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CDC HIV/AIDS/Viral Hepatitis/STD/TB Prevention News Update
SOUTH AFRICA: Rapid Test Allows for Earlier Diagnosis of Tuberculosis in Children
Staff Writer
July 26, 2013
Medical Xpress (07.25.2013) Aids Weekly Plus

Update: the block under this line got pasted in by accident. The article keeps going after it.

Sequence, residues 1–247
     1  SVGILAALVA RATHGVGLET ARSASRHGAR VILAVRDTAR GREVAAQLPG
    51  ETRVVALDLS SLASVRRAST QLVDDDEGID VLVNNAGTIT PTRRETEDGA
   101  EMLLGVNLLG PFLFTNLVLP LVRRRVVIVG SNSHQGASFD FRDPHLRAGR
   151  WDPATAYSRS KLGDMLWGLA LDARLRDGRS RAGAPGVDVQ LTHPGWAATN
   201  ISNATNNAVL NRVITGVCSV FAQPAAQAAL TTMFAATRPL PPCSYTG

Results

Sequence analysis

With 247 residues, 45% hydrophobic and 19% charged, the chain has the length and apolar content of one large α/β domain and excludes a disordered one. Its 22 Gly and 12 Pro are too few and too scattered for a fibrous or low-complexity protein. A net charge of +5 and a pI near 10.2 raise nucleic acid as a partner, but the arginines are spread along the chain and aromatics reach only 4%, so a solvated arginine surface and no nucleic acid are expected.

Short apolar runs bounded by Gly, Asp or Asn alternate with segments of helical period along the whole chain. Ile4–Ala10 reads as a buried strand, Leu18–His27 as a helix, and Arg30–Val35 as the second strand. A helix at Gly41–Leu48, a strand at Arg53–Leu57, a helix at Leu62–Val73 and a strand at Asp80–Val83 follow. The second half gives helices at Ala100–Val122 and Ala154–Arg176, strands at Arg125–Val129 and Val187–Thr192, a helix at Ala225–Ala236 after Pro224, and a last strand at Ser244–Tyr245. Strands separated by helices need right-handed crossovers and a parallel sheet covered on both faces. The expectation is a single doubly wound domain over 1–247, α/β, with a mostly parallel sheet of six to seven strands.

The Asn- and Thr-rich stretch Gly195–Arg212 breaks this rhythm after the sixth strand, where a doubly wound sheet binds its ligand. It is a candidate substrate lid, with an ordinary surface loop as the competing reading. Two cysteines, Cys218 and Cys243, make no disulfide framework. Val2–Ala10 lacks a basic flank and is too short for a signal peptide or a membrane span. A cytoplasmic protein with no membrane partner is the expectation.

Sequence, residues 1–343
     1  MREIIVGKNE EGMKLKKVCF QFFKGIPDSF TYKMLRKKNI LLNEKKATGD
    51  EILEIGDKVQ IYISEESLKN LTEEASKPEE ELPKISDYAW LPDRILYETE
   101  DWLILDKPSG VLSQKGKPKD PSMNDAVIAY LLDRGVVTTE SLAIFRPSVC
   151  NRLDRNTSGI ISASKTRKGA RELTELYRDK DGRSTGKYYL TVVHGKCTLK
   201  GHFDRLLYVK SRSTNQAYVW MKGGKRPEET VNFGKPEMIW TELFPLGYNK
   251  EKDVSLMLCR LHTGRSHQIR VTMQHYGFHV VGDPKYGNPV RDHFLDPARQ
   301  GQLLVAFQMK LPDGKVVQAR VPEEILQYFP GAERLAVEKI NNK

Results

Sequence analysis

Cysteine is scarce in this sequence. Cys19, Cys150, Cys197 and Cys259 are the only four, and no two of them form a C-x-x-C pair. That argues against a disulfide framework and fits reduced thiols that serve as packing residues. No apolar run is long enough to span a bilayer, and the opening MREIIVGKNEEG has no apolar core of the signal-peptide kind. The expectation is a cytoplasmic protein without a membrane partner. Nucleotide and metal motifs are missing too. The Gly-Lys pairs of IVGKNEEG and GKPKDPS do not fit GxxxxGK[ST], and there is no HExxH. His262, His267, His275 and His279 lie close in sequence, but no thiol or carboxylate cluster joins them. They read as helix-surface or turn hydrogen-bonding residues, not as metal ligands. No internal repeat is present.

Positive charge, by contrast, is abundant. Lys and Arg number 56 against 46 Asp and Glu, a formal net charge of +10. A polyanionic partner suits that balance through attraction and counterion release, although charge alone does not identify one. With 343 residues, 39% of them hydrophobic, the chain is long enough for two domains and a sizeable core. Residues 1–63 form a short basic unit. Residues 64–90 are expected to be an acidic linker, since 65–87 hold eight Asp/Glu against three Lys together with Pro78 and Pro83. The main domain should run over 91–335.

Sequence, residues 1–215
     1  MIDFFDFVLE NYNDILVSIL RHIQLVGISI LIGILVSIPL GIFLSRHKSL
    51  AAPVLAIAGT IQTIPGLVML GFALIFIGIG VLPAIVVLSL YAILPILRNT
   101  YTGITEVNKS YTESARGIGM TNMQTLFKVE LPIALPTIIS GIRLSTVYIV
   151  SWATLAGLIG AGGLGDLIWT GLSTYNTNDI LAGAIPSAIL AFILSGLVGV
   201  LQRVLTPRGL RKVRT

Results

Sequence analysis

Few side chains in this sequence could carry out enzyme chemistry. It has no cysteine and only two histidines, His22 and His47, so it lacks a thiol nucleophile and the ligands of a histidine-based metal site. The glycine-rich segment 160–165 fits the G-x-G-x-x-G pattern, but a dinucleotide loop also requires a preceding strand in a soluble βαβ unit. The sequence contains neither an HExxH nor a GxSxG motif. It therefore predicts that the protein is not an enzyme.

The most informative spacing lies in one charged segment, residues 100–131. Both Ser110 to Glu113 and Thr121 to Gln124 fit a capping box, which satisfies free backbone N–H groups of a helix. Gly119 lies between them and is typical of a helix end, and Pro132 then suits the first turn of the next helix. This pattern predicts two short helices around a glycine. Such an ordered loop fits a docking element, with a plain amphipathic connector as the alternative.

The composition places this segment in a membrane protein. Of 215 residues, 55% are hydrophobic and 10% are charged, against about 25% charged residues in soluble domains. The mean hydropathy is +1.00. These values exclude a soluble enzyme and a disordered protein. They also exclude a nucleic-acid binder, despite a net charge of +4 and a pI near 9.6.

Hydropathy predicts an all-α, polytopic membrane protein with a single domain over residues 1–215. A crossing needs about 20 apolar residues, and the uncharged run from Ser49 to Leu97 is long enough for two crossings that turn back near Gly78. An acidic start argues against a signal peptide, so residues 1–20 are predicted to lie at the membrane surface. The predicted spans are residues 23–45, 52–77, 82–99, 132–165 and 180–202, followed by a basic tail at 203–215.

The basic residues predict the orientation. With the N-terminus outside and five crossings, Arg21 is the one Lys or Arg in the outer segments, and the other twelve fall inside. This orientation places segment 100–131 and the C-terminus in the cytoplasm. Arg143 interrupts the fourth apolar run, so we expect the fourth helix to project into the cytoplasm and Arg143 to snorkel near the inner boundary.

A new test called Xpert MTB/RIF detected approximately two thirds of TB cases found by the current culture test in significantly less time. Generally, a preliminary diagnosis requires the examination of a sample of lung secretions under a microscope to determine if it contains TB bacteria. In addition, a sample is sent to a laboratory to be cultured and identified; a lab culture test can take as long as six weeks to show a positive result. Children have less infectious bacteria than adults, which increases the level of difficulty in detecting the bacteria under a microscope or growing a culture. In a study sponsored by the US National Institutes of Health (NIH), researchers in South Africa collected approximately 1,500 samples from approximately 400 children who presented at a primary care clinic with TB symptoms. Trained clinical staff with special equipment collected samples of secretions from the children’s lungs, nasal passages, or both. The researchers compared results from the Xpert MTB/RIF test with the microscope detection test and laboratory culture test. Of the 30 TB cases detected by culture, the Xpert test diagnosed 19 (63 percent) positive cases while microscopic examination only detected 4 cases (13 percent). Adding a second test with additional samples improved detection rate for both tests. Xpert MTB/RIF results were available in an average of 24 hours compared with more than two weeks for the culture test. Results indicated that ease and timeliness of diagnosis with the Xpert MTB/RIF were important for clinics in resource-limited countries where equipment for traditional tests might not be available. The test also identified strains of TB resistant to rifampicin, which helped clinicians determine the right treatment. This is particularly important for countries where drug-resistant strains are common. The Xpert MTB/RIF test was 99-percent accurate in identifying children who did not have TB. NIH’s National Institute of Allergy and Infectious Diseases funded the development of the Xpert MTB/RIF test and the National Institute of Child Health and Human Development funded the Xpert MTB/RIF testing examined by this study. The full report, “Rapid Diagnosis of Pulmonary Tuberculosis in African Children in a Primary Care Setting by Use of Xpert MTB/RIF on Respiratory Specimens: A Prospective Study,” was published online in the journal Lancet Global Health (2013; doi:10.1016/S2214-109X(13)70036-6).